What are freshwater shrimps and scuds?
Although these invertebrates are known as freshwater shrimps, or scuds if you live in the US, they're actually amphipod crustaceans. There are hundreds of species, many in the Gammarus genus, which live in still and flowing cold waters around the world. They're all popular prey items for trout and grayling and are therefore highly effective fly patterns, especially on rivers.
How do you fish these fly patterns?
In the UK, these fly patterns tend to mainly be used for targeting grayling on rivers. These flies are well suited to the French, Czech and Euro nymphing techniques. They're often not heavily weighted themselves so would generally need to be fished alongside a weighted grayling bug or nymph to help you get the fly down to the right depth. Or, you can add an underbody of lead-free wire or lead foil to increase their weight.
1. Soft touch shrimp
I absolutely love this pattern. I believe the original was tied by Glen Pointon but this is the talented Andy Saunders' version of the same fly. It's a bit of a smelly and messy one to tie as it uses silicone sealant, but the effort is well worth it. These shrimps look seriously realistic and feel soft and chewy, so it's unsurprising that they seem so convincing to grayling.AP Fly Tying / YouTube.
Hook: Fulling Mill Czech Nymph FM60 55 size 16
Weight: Lead wire
Legs: Superfine grey dubbing
Parasitic hotspot: Red fabric paint
Body: Aquarium silicone sealant
Eyes: Black varnish
Thread: Nano Silk 12/0 grey
2. Clear stretch and ostrich herl scud
Arshad Khan, or Mak, ties some exquisite patterns and this shrimp or scud pattern is a great example. It uses clear stretch material over an underbody of ostrich herl to give an impression of a segmented body with soft legs poking through. The end result looks very realistic and should prove an effective pattern for trout and grayling.Makflies / YouTube.
Hook: Size 10 grub hook
Weight: Flat lead strip
Body: 1mm ClearStretch elastic
Underbody: White ostrich herl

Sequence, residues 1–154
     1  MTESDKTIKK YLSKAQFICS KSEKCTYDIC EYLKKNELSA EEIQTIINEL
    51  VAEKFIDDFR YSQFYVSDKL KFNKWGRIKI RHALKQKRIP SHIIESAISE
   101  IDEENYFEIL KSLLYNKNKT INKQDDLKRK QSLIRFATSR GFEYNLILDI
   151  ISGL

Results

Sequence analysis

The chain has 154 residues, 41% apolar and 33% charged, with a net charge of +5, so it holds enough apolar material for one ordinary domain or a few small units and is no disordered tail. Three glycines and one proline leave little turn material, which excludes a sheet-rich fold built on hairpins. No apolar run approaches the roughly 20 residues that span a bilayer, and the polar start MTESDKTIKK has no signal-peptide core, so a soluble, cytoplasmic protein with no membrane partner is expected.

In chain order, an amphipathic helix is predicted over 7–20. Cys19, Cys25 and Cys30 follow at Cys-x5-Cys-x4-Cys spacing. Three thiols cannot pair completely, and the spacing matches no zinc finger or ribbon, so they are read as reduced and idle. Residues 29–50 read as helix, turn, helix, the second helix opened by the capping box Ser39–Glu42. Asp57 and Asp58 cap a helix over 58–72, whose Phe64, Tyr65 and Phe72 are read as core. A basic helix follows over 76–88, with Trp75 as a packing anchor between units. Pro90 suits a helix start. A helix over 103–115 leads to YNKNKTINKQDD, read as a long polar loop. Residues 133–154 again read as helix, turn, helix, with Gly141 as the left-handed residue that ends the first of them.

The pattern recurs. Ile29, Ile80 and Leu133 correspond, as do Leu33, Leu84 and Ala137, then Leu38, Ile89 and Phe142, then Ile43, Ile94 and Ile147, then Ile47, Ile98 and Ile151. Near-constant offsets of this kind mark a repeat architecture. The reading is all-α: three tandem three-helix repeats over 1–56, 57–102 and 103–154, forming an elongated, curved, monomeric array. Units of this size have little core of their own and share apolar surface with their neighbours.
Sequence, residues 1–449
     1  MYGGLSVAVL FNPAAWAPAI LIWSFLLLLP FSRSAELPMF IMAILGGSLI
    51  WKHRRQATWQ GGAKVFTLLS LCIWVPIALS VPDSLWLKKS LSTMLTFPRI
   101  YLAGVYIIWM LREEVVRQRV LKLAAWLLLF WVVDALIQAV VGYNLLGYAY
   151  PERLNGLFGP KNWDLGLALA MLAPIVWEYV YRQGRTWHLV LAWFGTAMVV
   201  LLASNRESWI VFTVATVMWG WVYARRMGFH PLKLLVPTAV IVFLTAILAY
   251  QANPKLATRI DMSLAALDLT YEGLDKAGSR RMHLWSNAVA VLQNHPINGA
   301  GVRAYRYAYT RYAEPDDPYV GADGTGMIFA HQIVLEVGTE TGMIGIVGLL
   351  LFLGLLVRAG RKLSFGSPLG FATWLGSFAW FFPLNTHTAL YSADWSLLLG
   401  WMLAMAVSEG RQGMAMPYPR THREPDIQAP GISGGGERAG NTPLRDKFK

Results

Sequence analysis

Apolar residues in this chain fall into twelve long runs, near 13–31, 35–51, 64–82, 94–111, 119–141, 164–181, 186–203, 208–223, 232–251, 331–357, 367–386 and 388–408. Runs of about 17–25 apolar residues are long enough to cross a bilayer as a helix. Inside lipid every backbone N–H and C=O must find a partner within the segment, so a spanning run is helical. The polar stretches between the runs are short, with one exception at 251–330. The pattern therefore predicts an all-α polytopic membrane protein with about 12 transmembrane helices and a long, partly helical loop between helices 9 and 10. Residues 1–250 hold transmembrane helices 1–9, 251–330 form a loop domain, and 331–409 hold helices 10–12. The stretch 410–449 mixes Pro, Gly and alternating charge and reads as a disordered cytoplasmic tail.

Legs: UV Crystal Flash sparkle dubbing
Shell: UV resin
3. Diamond dub scud
Although this is an American pattern, it's an equally good match for some of the shrimp and isopods that live in British rivers and trout streams and should even work on lakes and reservoirs too.Skyler Hardman / YouTube.
Hook: Dai Riki scud hook size 14
Weight: Lead wire
Antennae: Partridge feather
Legs: Dubbing mix
Rib: UTC Wire amber small
Back: Thin Skin and UV resin
Thread: Danville Flymaster 70 denier brown
4. Grey shrimp
Andy Saunders' Grey Shrimp scud pattern would work well on those waters that are home to the so-called Killer Shrimp, I reckon. Intentionally scruffy, this is a fairly simple pattern to tie and can be knocked up quickly even by less experienced fly tyers.AP Fly Tying / YouTube.
Hook: Partridge Patriot Czech Nymph size 10
Weight: Flat lead
Rib: Hends Ultra Wire black
Legs: Pine squirrel dubbing
Back: Hends Shellback grey
Antennae and tail: Partridge feather
Eyes: Black varnish
Thread: Nano Silk grey
5. Gammarus shrimp
This Gammarus pattern from Barry Ord Clarke uses quite a few materials, including a ProFlyFisher Gammarus foil for the back. The combination of feathers, dubbing and the foil and its transparent rib gives a really natural appearance.Barry Ord Clarke / YouTube.
Hook: Mustad C49S Caddis Curved size 10
Weight: Flat lead tape
Rib: Monofilament line
Back: ProFlyFisher Gammarus back
Tail: Partridge feather
Antennae: Barred wood duck feather
Legs: Blue Dun hackle feather
Body: Grey rabbit flash dubbing
6. Melt Glue Gammarus
This innovative scud fly pattern by Barry Ord Clarke is really clever. It uses hot melt glue stick to form a soft rubber back which, like the Soft Touch Shrimp, feels squidgy in the mouth of the fish so might get rejected less often than some other flies, perhaps.Barry Ord Clarke / YouTube.
Hook: Mustad Eyed Power Hook size 12
Body: Clear melt glue disc
Legs: Ostrich herl
Thread: Dyneema thread